One of his recent clients was a woman who needed to have the siding on her house redone. When the bill arrived, it was much more expensive than what she’d been quoted, he said. She also had medical and credit card debt, he said.

Another client during the pandemic was a small business — a landscaping company — that was forced into bankruptcy by COVID-19 itself. Owners and employees came down with COVID-19, it disrupted their business operations, and it “sort of knocked them out,” Ross said. The company took out “business payday loans” and couldn’t make payments, so that debt snowballed, he said.

Harsh reality: The good bankruptcy news can’t go on forever

The low bankruptcy numbers are a welcome statistic. But Ross and others predict it won’t continue much longer.

Ross said he’s noticing foreclosures have begun to slowly tick back up, for example.

The latest U.S. Census Bureau household survey on financial stress found that more than a third of Americans are struggling to pay bills, “showing how much of a toll the surge in consumer prices has taken on budgets,” Bloomberg News reported Friday. “The share of respondents saying it has been somewhat or very difficult to pay for usual household expenses is now near its 2020 peak, at the worst of the COVID-19 pandemic.”

As an attorney who takes on complex bankruptcy cases at Johnson May Law in Boise, Matthew T. Christensen was surprised by the drop in bankruptcies since 2020.

His usual cases were businesses struggling to repay a loan, or making an investment that didn’t pan out. More recently, clients are filing for bankruptcy not because they can’t pay off their debts but because of some kind of litigation — a lawsuit with a business partner or customer, for example.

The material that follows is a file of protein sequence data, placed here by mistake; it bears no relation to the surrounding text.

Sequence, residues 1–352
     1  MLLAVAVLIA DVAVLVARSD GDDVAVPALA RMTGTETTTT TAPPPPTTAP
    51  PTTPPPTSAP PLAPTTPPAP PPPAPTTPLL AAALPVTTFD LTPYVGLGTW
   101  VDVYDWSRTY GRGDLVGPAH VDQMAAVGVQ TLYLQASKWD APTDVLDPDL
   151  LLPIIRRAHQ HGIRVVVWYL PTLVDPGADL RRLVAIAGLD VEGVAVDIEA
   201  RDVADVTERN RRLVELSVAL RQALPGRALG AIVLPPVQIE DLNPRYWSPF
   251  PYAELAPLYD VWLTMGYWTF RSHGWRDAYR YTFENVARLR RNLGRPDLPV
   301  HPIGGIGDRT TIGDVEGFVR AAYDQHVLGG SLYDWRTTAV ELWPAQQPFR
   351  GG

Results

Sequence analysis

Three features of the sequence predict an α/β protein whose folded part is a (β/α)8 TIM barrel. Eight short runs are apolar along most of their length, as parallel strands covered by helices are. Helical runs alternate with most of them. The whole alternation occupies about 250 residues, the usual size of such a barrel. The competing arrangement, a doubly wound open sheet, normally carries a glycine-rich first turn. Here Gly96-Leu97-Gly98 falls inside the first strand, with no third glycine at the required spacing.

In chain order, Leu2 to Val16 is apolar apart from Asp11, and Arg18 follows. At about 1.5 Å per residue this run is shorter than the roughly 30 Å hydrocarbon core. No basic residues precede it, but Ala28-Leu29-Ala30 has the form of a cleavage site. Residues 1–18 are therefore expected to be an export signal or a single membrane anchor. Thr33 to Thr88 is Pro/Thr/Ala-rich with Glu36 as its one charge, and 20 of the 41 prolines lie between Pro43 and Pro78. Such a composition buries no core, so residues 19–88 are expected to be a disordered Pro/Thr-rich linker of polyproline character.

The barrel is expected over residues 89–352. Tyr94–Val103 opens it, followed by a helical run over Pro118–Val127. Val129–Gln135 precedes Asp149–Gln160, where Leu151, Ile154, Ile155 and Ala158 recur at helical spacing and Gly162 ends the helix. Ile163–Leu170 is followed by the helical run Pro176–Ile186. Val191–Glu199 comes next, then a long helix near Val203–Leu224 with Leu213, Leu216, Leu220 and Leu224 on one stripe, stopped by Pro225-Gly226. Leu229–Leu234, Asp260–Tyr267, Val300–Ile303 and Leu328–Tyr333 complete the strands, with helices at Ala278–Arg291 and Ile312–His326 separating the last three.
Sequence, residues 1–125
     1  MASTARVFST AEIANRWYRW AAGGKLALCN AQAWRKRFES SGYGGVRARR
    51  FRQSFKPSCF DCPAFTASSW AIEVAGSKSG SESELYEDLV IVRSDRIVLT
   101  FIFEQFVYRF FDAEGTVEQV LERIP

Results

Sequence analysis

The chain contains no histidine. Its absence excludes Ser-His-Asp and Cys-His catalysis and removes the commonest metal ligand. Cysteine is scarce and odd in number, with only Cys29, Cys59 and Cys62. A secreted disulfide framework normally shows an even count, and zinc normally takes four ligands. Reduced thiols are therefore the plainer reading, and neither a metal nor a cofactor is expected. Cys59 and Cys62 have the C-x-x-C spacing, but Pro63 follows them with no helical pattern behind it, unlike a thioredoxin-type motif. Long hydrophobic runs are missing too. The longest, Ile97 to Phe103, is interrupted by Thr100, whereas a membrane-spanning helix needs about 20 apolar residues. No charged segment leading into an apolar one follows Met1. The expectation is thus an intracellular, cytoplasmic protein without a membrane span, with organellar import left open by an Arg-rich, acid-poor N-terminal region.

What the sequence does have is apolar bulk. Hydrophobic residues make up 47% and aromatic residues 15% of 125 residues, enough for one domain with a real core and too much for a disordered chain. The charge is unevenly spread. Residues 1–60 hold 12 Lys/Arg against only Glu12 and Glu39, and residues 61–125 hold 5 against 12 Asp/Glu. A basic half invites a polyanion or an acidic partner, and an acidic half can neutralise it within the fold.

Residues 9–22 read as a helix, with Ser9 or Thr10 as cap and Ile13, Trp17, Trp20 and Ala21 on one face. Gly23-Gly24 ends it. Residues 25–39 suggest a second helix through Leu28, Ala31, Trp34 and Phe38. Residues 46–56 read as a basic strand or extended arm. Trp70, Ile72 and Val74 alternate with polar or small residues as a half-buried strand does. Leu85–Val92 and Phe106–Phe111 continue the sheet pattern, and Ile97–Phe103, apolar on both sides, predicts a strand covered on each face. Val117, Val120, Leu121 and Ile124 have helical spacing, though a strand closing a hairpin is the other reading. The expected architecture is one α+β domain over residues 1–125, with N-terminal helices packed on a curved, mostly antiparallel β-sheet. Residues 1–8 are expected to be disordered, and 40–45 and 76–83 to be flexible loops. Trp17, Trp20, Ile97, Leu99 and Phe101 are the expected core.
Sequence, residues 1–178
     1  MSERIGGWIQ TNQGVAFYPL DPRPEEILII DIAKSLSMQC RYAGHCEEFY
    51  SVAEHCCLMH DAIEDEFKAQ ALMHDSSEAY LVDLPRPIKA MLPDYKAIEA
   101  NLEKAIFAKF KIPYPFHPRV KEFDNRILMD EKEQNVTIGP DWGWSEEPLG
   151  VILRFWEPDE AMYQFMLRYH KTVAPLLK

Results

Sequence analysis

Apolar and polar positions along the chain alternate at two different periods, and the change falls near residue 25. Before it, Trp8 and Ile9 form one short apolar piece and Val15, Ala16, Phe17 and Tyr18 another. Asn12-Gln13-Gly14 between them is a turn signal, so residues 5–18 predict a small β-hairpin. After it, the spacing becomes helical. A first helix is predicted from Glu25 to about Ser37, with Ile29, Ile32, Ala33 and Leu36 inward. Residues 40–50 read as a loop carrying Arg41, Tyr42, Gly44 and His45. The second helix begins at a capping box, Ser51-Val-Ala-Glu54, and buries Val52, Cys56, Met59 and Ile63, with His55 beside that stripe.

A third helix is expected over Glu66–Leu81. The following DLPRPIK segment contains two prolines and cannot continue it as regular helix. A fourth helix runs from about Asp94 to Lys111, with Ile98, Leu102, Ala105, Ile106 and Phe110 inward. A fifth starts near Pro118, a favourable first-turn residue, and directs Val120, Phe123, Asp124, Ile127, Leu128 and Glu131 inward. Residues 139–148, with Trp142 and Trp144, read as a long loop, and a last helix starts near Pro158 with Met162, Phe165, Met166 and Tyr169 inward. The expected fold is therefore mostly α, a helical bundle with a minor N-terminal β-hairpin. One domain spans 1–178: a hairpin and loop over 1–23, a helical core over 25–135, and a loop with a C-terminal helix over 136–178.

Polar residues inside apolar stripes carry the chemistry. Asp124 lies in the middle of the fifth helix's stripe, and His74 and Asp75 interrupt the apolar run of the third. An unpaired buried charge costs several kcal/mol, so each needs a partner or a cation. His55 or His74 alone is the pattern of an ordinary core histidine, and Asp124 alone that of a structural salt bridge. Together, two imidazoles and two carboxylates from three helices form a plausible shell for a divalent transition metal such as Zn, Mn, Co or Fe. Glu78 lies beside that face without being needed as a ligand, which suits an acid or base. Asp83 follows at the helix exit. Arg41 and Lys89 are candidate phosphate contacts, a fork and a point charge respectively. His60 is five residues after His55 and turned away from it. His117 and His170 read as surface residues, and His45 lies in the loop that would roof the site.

“I think recently, up until just recently, the economy was doing really well — the government was giving out all kinds of (financial aid), people were getting paid more at their jobs because there was a shortage of workers … interest rates were low,” he said. That allowed people to continue paying their bills, and kept the economy humming along, he said.

But, he added: “I think the consensus in the bankruptcy world is: all those things are done.”

Pandemic funds have largely stopped flowing, and now interest rates are on their way back up.

Bankruptcy experts keep their eye on a couple of leading indicators of financial stress that lead to bankruptcy: default rates on credit cards and student loans.

Federal student loan payments are still on pause, as the Biden administration extended that pandemic-related student loan relief mechanism that was put in place by the Trump administration.

But credit card bills? They’re coming due. And people have begun to have trouble paying them.

“As the default rates go up, a little bit of time later you’ll see the bankruptcy numbers go up,” Christensen said. “In the last couple of months, you’ve seen an increase in credit card default rates.”

The Idaho Capital Sun is a nonprofit news organization delivering accountability reporting on state government, politics and policy in the Gem state. As longtime Idahoans ourselves, we understand the challenges and opportunities facing Idaho. We provide in-depth reporting on legislative and state policy, health care, tax policy, the environment, Idaho’s explosive population growth and more. Our mission is relentless investigative journalism that sheds light on how decisions in Boise and beyond are made and how they affect everyday Idahoans. We aim to tell untold stories and provide data, context and analysis on the issues that matter most throughout the state. The Capital Sun is part of States Newsroom, a national 501(c)(3) nonprofit supported by grants and a coalition of donors and readers. We retain full editorial independence.